All ILO Newsroom content

June 2005

  1. Video


    23 June 2005

    In Peru, up to 50 000 children work as gold miners in small-scale mines, braving dangerous conditions and constantly at risk from accidents. In Santa Filomena, the International Labour Organization is working together with a local group to put an end to child labour.

  2. Video


    22 June 2005

    Human trafficking is big business, with profits of trafficking worldwide estimated at $32 billion by the International Labour Organization. Men and women are smuggled across borders and often fo rced to work against their will but as ILO TV reports from Ukraine, trafficking is rooted in unemployment and poverty.

  3. Article

    93rd International Labour Conference Working hours around the world: balancing flexibility and protection

    13 June 2005

    In today's fast-moving world of virtual offices, home work and globalized commerce, are international labour standards on working time still needed? Yes, according to a study prepared by an ILO Commission of experts and delegates at the Organization's annual Conference. The Commission, an independent body monitoring the application of ILO standards, has concluded that international labour standards limiting working time are still necessary to contribute to fair competition between countries in a globalized world. Still, it is also clear that ILO Conventions Nos. 1 and 30 don't fully reflect modern realities in the regulation of working time and are viewed by an increasing number of countries as prescribing overly rigid standards. A panel of delegates to the Conference recently discussed the world of diversification, decentralization and individualization of working hours around the world.

May 2005

  1. Video


    25 May 2005

    A group of tomato pickers from Florida were put under the spotlight when they reached an historic agreement with Yum Brands, parent company of Taco Bell and the largest restaurant company in the world. A n International Labour Organization report explains how workers like these can sometimes become victims of forced labour exploitation.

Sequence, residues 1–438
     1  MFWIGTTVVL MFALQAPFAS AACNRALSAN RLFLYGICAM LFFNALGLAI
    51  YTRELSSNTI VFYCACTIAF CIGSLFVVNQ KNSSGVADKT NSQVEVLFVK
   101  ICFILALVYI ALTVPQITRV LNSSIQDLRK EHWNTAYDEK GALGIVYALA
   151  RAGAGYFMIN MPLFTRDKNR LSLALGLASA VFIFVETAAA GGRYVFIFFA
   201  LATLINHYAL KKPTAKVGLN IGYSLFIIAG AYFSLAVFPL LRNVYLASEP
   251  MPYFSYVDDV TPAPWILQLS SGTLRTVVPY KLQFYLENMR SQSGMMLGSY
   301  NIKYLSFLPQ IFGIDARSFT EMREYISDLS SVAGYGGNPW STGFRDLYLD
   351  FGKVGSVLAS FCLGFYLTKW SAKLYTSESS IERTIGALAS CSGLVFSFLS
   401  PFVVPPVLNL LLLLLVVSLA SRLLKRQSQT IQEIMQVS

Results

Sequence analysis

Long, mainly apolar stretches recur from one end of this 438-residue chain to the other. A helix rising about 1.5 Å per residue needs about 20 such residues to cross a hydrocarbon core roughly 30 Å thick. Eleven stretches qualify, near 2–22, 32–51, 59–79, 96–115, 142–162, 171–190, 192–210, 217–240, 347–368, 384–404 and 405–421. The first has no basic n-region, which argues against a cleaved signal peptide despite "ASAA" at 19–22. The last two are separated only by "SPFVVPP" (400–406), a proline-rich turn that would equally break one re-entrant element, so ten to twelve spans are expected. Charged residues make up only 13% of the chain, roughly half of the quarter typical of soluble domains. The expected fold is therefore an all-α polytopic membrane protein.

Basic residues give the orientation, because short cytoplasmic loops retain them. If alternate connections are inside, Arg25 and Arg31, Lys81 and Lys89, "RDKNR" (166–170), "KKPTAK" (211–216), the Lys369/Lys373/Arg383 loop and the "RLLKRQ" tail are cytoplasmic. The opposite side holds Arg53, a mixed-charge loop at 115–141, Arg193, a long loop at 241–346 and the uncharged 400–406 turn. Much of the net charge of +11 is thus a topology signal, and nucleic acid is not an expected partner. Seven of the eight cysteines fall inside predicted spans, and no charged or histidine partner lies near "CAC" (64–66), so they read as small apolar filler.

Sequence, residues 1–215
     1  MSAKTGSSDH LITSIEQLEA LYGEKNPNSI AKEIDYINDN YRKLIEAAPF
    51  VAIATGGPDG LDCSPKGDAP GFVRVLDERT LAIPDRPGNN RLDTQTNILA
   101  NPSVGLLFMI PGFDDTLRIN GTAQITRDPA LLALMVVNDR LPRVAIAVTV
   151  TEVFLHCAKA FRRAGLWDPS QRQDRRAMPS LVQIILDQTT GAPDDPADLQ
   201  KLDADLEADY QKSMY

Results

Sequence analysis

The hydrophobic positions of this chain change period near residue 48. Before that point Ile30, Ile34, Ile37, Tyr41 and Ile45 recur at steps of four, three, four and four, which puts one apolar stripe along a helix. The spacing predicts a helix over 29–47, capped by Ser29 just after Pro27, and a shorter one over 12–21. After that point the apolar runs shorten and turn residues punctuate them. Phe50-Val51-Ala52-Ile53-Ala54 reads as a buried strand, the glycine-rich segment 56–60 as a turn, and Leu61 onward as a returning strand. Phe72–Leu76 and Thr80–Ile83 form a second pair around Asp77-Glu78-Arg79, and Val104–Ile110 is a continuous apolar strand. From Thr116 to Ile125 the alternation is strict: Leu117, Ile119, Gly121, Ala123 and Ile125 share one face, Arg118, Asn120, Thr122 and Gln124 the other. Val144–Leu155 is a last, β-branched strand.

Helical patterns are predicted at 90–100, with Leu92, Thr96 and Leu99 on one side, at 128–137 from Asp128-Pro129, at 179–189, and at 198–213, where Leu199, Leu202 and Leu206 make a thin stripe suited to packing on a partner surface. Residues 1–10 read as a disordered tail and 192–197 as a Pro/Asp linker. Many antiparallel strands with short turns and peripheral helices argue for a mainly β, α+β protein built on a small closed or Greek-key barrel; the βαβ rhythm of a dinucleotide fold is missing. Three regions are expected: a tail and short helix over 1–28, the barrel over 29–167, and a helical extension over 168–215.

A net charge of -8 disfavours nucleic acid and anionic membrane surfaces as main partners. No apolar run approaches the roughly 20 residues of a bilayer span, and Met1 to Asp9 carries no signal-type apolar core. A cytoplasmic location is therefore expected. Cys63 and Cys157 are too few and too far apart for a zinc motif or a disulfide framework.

2. Video


    18 May 2005

    Illegal logging in the Peruvian rainforest generates millions of profits. But an ILO report found that more than 30 thousand workers, many of them indigenous people, are victims of forced labour, living in appalling conditions and often tricked into debt with their employers.

  3. Article

    Fighting forced labour in Latin America

    18 May 2005

    The ILO estimate of the number of victims of forced labour in Latin America and the Caribbean is 1.3 million. Brazil has taken the lead in addressing the problem through its 2003 National Action Plan for the Eradication of Slavery, including the liberation of workers and measures to fight impunity. In 2004, countries like Bolivia, Peru and Paraguay also made important commitments against forced labour.

  4. Article

    Global Report on Forced Labour In Asia: debt bondage, trafficking and state-imposed forced labour

    18 May 2005

    With an estimated 9.5 million, the Asia and Pacific region claims the highest number of people among the estimated 12.3 million victims of forced labour in the world today. The region is struggling against both traditional and newer forms of forced labour. An 8.1 million people are trapped in forced labour by means other than trafficking, primarily through debt bondage. But the region is also home to state-imposed forced labour in Myanmar. ILO online reviews the tragic reality of forced labour in Asia.

  5. Video


    17 May 2005

    A report on forced labour from the International Labour Organization (May 11) highlights the situation of child soldiers, forced to kill or to serve as sex slaves. In Northern Uganda, some reports suggest that 20’000 children have been abducted and used during a long-running conflict with the Lords Resistance Army in the north of the country. ILO TV reports.

  6. Article

    Forced labour in Africa: between poverty and tradition

    13 May 2005

    The ILO estimate of the number of victims of forced labour in sub-Saharan Africa is 660,000. In this region, the figure reflects the stubborn survival of traditional forms of servitude, but also relates to extreme poverty, a high incidence of child labour, and a context of severe political violence. Where armed conflicts and ethnic tensions have flared, nations have been confronted with the forced recruitment of child soldiers, abductions, and enslavement of whole segments of their population. ILO online draws a picture of forced labour in Africa.

  7. Article

    Modern forms of slavery in industrialized countries

    11 May 2005

    A new report by the ILO estimates that more than 12 million people worldwide are victims of forced labour. But this modern day form of slavery is not restricted to developing countries, and can also be found in industrialized countries, where approximately 360,000 people are forced to work. Two examples of this practice are migrant workers in the German meat industry, and fruit pickers in Florida, United States.